For a long time, rum was a drink commonly issued to English sailors and soldiers. In the 18th century it replaced the traditional alcoholic beverages distributed to seamen and infantrymen, namely the more common beer and the less common wine and brandy.
Rum proved to be much more attractive than these old drinks, as it was not only very cheap in the Caribbean but also had a higher alcoholic strength; thereby significantly less room was required for storage and transportation when compared with beer or wine. In short, rum was a more cost-effective option, because it helped to save both space (precious aboard ships) and money.
Until the beginning of the 18th century the regular ration in the Royal Navy was one pint of wine or a half pint of brandy. After the introduction of rum, sailors were issued half a pint a day. Yet in 1740 Admiral Edward Vernon considered the suggestions forwarded by captains and doctors, who insisted that swallowing the whole ration of liquor at a single draught had a bad effect on sailors’ health and behavior. Thus he ordered that rum be diluted to half strength with water (half a pint of rum and a quart of a pint of water). At first sailors disliked the new drink and called it “grog” after Admiral Vernon’s nickname, “Old Grog,” which he got from his coat of grogram cloth. But they soon got used to it.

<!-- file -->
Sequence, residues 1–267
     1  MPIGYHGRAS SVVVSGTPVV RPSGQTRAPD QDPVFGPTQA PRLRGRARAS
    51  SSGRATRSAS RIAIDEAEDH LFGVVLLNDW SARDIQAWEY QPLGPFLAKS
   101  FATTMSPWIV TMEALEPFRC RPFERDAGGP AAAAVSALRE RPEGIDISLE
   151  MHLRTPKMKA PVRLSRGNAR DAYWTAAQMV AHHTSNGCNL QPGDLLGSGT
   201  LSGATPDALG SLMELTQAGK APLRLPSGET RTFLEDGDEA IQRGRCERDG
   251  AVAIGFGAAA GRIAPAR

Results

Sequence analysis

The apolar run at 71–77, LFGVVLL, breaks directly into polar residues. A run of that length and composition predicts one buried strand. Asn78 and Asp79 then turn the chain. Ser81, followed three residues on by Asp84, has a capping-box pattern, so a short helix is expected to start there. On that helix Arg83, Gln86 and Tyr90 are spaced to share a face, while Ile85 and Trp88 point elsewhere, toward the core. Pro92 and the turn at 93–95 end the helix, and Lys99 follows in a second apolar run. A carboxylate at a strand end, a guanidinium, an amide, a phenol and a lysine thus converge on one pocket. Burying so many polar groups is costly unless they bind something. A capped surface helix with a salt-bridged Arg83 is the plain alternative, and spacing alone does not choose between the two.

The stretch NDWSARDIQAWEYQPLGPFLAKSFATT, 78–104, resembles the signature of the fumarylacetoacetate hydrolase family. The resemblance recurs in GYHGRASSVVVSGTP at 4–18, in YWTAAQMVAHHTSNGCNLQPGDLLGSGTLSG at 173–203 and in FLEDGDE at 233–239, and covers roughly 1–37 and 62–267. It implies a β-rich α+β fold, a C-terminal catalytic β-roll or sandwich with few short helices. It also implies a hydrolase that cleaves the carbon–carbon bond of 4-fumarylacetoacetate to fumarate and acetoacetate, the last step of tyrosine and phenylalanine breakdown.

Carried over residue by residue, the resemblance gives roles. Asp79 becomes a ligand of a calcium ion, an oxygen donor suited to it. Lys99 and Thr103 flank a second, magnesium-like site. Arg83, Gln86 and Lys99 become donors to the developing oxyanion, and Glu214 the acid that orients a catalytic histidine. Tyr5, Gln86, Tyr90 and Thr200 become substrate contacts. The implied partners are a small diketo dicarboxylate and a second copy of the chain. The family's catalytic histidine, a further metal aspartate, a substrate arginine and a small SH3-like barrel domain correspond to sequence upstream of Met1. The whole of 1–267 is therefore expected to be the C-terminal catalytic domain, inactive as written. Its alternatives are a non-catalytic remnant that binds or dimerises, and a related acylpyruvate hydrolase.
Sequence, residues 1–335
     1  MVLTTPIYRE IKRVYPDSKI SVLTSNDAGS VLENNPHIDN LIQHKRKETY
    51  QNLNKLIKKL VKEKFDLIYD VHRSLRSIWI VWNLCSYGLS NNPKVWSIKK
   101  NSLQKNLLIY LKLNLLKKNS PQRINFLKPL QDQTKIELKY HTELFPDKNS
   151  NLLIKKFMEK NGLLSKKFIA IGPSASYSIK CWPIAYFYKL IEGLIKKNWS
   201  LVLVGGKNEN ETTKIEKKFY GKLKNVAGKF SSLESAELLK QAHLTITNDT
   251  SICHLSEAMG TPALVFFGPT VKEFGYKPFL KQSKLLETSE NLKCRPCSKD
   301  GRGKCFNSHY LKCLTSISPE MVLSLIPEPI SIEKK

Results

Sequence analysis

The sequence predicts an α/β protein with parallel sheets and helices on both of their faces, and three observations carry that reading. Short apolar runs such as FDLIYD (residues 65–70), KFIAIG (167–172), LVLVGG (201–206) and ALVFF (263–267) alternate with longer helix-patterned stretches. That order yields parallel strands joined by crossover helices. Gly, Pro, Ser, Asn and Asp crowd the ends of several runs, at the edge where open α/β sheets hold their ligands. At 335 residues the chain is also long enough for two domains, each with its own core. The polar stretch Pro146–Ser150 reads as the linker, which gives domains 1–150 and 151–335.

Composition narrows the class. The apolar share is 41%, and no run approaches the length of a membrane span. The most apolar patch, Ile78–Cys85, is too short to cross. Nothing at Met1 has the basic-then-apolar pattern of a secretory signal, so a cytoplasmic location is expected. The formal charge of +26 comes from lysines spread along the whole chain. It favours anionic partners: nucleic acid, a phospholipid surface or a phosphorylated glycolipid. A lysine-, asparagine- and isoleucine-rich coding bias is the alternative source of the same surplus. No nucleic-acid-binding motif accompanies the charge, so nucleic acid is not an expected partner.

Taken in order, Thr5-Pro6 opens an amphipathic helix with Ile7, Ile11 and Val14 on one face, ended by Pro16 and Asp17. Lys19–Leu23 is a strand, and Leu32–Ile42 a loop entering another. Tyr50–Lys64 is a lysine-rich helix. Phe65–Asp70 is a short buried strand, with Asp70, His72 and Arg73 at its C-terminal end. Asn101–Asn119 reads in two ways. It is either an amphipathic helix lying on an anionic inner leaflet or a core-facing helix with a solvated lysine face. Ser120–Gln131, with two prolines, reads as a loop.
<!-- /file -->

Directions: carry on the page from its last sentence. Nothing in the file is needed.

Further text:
In 1825 the ration of rum was reduced to a quarter of a pint and in 1850 it was further cut down to one eighth. Beginning in 1928, under the provisions of the special instruction of the Admiralty, sailors could request a money equivalent of their alcohol allowance.